Don't Dump Your Bacon Grease—Here Are 7 Delicious Ways to Use It

No. 2 will give your sheet pan dinners a serious upgrade.

Nestled in the corner of my refrigerator's cheese compartment is a mid-size, rectangular container filled with formerly liquefied bacon fat, now solid and striped in layers of varying shades of light brown. Sure, it's odd-looking, but I promise: This little container is one of the most delicious, game-changing items in my fridge. I'm here to tell you why.

Bacon fat, created by pan-frying or baking bacon in the oven, is a not-so-secret substitute for butter or oil in nearly any recipe. In fact, salvaging bacon fat (instead of dumping it down the drain, which puts pipes and local sewer lines at risk), is compulsory—no matter what you plan to do with it.

As long as you allow your liquid bacon run-off to coagulate and keep it in an easy-to-access container, you can use this ingredient as you see fit. Ready to start? Here are a few ideas on how to use your bacon fat to add flavor (for free!).

01 of 07

Scramble or fry eggs in bacon fat.

Bacon-free morning? Not possible—at least when you have bacon fat ready and waiting. Melt a small amount in a skillet (instead of butter) before cooking your eggs, and it tastes like a multi-dish breakfast. This also works for pancakes and French toast.

02 of 07

Add layers of flavor to a sheet-pan meal.

Sheet-pan meals are excellent for their efficiency and the ease with which we can create a well-balanced, intriguing meal with minimal effort and dishes. But if there's one setback to the ubiquitous sheet-pan dinner, it's that the end result can be one-note. Add smokiness, saltiness, and meatiness by greasing your sheet pan with a bit of bacon grease before baking your next sheet-pan meal.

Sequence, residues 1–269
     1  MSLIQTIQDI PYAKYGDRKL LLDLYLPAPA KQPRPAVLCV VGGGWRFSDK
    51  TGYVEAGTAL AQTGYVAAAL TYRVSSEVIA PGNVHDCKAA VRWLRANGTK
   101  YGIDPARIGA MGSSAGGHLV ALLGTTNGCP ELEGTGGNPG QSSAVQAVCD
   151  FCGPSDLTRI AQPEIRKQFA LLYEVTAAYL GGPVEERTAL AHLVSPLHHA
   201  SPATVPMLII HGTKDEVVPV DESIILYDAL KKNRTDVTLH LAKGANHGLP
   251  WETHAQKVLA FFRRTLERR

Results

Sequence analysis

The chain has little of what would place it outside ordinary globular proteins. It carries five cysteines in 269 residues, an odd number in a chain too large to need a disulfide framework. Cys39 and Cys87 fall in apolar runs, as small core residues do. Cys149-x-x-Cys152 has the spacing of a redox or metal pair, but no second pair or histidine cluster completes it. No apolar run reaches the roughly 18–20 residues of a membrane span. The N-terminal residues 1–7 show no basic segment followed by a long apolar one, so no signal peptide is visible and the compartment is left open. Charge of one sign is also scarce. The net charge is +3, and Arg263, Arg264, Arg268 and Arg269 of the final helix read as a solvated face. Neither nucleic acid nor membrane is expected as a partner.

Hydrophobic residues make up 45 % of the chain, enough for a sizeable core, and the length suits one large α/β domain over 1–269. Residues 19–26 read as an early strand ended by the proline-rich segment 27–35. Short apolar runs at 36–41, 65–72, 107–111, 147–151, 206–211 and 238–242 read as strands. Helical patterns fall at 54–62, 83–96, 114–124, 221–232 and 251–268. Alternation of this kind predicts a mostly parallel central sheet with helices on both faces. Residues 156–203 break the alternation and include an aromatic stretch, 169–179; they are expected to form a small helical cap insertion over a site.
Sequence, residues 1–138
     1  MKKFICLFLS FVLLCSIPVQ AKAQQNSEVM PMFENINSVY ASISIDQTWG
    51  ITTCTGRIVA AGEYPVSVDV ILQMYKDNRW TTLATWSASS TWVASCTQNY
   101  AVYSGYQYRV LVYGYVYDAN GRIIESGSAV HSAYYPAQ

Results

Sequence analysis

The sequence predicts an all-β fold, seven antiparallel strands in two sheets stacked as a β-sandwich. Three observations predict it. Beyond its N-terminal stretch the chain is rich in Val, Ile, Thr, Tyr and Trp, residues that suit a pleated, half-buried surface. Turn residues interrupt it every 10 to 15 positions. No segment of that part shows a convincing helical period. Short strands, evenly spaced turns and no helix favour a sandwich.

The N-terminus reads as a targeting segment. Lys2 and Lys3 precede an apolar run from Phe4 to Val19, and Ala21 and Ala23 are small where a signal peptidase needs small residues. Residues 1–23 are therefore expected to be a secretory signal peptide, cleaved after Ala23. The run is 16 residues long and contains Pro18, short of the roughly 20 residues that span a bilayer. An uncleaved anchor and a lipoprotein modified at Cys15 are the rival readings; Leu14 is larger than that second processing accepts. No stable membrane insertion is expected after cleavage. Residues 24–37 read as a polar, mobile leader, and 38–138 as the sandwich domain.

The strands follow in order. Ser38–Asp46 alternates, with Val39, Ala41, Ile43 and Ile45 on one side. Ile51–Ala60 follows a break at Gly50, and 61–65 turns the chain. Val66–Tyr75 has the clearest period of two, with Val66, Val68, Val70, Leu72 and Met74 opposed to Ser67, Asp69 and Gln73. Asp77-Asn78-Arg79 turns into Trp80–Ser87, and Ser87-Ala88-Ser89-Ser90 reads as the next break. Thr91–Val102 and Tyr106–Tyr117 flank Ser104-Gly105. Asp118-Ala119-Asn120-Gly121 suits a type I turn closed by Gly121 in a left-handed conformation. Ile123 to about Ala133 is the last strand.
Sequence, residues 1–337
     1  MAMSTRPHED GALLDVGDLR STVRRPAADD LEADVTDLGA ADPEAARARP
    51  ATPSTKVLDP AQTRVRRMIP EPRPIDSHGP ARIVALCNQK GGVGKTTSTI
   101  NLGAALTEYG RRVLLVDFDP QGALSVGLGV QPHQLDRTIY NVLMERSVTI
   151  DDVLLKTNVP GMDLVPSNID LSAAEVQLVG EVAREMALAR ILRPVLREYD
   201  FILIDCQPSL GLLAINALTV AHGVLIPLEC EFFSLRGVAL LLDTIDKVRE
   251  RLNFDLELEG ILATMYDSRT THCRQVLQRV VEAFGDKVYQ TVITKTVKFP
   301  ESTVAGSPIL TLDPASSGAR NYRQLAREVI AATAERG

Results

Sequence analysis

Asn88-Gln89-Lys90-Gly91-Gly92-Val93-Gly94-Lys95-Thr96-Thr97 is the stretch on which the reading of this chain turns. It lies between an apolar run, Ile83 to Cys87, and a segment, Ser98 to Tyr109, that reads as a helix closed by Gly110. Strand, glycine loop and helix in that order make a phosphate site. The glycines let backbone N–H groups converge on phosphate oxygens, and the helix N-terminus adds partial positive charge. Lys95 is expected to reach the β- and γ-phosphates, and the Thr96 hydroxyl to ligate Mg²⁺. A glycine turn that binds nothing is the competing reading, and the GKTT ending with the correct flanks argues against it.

03 of 07

Grease grill grates with bacon fat.

Most grilling recipes start with the essential step of greasing the grates to keep food from sticking. If a non-stick spray is your go-to, try using a pastry brush to paint on melted bacon grease. (To melt, microwave for 20 seconds at a time). This quick fix adds more flavor to anything you cook on the grill.

04 of 07

Cook croutons or fries in bacon fat.

Duck-fat fries may be the go-to for chefs to reuse precious rendered duck fat, but you can use the same trick at home with leftover bacon grease. Melt the grease so it's liquid, lightly coat cut potatoes or roughly torn stale bread in it, and then bake until crisp. You can also deep-fry or pan-fry croutons or potatoes in bacon fat, if that's more your speed.

05 of 07

Make a bacon-y sandwich.

To add more bacon flavor to grilled cheese or a homemade panini, lightly spread bacon grease on the outer-facing sandwich layers and then cook for a nice crunch.

06 of 07

Make warm bacon vinaigrette.

Drizzle warm bacon vinaigrette on cooked veggies or leafy salads. Start by heating two tablespoons of bacon grease in a skillet and add chopped alliums (like shallots or garlic). Sauté lightly before stirring in equal parts vinegar (apple cider works well), olive oil, and mustard (dijon or whole grain). Add salt and pepper and, as soon as the mixture sticks to your spoon, it's ready to serve.

07 of 07

Amp up a boring boneless, skinless chicken breast.

A sautéed chicken breast is versatile, yes, but so dull. Upgrade it by sautéing in melted bacon grease to add flavor and keep the chicken moist. About five minutes per side should be sufficient (internal temp must reach 165 degrees F). For a nice crisp crust, avoid flipping the chicken more than once. Try this tip with tofu and firm veggies, too.

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